Juni is therefore most excited to announce the opening of his new restaurant Jun i located in the former premises of Club des Pins on the very epicurean Laurier Street.

His constant quest for new culinary orientations has given us a cornucopia of tastes. It is mostly Japanese, with a wink to the French.

The décor is a mix of Japanese minimalism and joie de vivre Québec style. Designer Jean-Pierre Viau’s warm colours and unusual décor captivate.

Menu prices are on a friendly scale. It is definitely a place to discover.

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Moose, it's pretty much across the street from Lemeac.

Since when was Club des Pins across the street from Leméac? Methinks either you mean La Chronique instead of Leméac or you're confusing Jun-i with Ö Châ (or whatever the resto that has risen from Ginza's ashes is called). No?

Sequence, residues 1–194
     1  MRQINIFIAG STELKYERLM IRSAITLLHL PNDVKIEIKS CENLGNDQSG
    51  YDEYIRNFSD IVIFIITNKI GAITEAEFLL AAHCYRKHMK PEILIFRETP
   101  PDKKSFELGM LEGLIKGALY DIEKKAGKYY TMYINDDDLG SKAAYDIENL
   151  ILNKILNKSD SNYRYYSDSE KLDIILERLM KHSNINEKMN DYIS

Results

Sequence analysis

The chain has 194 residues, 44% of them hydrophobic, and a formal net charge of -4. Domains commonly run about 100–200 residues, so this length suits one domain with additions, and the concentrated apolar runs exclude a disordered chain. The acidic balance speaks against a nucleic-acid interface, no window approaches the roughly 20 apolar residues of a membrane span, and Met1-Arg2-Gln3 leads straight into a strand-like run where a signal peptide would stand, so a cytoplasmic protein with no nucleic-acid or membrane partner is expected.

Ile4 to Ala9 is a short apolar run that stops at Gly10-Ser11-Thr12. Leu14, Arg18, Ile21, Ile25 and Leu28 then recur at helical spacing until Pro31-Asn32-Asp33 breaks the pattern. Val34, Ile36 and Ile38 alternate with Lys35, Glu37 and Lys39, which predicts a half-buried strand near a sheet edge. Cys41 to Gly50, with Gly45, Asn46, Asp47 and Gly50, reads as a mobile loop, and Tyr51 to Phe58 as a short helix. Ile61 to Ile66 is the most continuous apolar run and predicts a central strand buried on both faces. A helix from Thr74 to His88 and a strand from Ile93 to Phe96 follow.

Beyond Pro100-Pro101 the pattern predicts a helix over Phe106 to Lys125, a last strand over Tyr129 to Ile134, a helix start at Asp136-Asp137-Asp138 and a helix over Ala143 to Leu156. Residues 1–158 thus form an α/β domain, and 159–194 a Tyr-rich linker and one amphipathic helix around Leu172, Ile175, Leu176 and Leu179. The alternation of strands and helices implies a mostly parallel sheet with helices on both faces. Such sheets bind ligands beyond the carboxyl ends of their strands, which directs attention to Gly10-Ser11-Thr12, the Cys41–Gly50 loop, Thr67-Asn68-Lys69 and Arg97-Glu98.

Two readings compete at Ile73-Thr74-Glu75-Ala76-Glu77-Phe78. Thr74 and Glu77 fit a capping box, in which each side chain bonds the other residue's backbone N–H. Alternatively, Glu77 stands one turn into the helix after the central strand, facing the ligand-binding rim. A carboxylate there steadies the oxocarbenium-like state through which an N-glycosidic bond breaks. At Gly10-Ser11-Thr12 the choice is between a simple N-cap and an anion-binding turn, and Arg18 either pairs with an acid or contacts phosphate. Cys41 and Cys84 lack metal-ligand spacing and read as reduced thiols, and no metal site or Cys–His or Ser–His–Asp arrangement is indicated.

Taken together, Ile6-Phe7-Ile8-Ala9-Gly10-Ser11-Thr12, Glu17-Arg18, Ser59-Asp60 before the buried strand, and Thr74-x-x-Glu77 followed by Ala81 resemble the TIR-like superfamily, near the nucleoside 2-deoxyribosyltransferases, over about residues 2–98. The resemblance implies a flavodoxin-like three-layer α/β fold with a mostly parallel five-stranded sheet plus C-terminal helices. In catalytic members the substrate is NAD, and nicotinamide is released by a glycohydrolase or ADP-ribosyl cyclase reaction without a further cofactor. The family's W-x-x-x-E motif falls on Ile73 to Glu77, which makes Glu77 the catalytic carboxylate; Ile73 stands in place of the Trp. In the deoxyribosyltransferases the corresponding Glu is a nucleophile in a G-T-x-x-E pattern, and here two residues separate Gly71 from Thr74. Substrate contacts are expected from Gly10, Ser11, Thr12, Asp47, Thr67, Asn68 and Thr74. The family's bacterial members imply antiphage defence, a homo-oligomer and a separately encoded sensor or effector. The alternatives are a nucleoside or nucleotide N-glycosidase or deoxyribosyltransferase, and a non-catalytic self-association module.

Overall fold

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I went there today ( well, just got back from there )...

for a speedy diner since I was alone.

up front, I like the place ...

The menu has 2 tasting menus ( $40 and $50 ), a couple of soups and salads, and a dozen or so of appetizers, and half a dozen of main entrees ( duck, beef, shrimps, ... ) and the usual selection of suchis ( and rolls ).

I'm not good at remembering every items on the menu, I will leave that as an exercise to others ...

But I know what I had ... and it's a first in a long time that I did not have fish in a sushi/japanese restaurant. execpt for the appetizer.

I had the 5 sashimi plate with 5 different sauces, nice, and well prepared and tasty, the highlight was the "Omble" served with what I was told real wasabi and soy ( or it might simply be horseradish, since I would not know the difference ).